Yemen: a solution in sight for the environmental threat of the FSO Safer

Summary: with time running out and autumn storms ahead action is finally happening to offload more than 1 million barrels of crude from a derelict ship moored in the Red Sea but big oil needs to step up and use their recent massive windfall profits to cover a donor shortfall.

We thank Helen Lackner for today’s article. She has worked in Yemen since the 1970s and lived there for nearly 15 years, and writes about the country’s political, social and economic issues. Helen works as a freelance rural development consultant and is a visiting fellow at the European Council for Foreign Relations. She is the author of Yemen in Crisis, the Road to War published by Verso. It’s a seminal study of the current war and what lies behind it and a revised edition with additional material is coming out shortly. On 15 July Routledge will publish her new study Yemen: Poverty and Conflict. Helen’s most recent Arab Digest podcast ‘Yemen, a ceasefire and reason to hope’ is available here.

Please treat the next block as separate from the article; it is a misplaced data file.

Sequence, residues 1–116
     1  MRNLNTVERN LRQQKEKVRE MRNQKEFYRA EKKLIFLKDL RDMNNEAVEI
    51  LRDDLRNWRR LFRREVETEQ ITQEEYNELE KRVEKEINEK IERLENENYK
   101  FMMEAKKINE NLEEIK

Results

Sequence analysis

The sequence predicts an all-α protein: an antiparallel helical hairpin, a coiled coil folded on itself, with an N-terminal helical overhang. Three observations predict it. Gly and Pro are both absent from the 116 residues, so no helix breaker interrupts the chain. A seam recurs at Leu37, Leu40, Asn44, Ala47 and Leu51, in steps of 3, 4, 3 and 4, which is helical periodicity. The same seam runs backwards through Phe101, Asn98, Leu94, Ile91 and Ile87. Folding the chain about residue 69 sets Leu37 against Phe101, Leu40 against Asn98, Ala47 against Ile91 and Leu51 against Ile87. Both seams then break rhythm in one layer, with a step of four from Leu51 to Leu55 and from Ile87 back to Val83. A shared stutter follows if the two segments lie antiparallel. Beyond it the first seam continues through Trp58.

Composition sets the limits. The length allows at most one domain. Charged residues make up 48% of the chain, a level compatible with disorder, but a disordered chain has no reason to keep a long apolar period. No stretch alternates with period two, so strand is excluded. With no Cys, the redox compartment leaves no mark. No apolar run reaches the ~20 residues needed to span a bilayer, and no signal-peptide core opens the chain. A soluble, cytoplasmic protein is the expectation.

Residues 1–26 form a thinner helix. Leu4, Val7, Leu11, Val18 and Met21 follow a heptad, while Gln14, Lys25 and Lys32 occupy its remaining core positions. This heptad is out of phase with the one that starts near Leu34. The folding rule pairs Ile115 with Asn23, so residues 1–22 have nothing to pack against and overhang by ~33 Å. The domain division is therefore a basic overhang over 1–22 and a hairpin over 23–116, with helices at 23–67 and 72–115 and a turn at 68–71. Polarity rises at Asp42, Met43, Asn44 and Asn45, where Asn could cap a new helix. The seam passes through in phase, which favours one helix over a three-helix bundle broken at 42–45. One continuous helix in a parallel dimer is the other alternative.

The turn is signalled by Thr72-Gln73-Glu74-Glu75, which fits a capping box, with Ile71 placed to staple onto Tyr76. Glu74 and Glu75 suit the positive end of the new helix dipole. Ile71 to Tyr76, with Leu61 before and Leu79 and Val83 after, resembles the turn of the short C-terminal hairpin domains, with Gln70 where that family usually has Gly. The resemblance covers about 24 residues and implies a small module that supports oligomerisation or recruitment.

Amazingly, since we last discussed the problem of the Safer FSO [Floating Storage and Offloading] in our posting of July 2020, the ship has neither sunk nor exploded. Everyone should be thankful for this non-event, though not for the fact that so little progress has been made in solving this potential catastrophe.

The FSO Safer is moored about 8km west of Ras Issa on the Red Sea Coast, north of Yemen’s main port of Hodeida. It was the storage and offloading facility for exports from the Marib oil field, which is located at Safer, east of Marib city, hence the highly ironic [in English] name of the facility. Since the war started in 2015, exports from Safer have stopped, and the facility has been left without maintenance or insurance, but with a cargo of 1.1 million barrels of crude oil [4 times the quantity of the notorious Exxon Valdez spill]. At any moment it might leak or explode as basic protection measures stopped operating long ago, including the pumps, the fire fighting equipment and the inert gas system. The ship is staffed by a small crew of less than 10 Yemenis who are heroically risking their lives daily to provide what little maintenance they can in the absence of financial and technical support, and therefore save the region from a catastrophe. In May 2020, they patched up a leak which could have been disastrous.

FSO Safer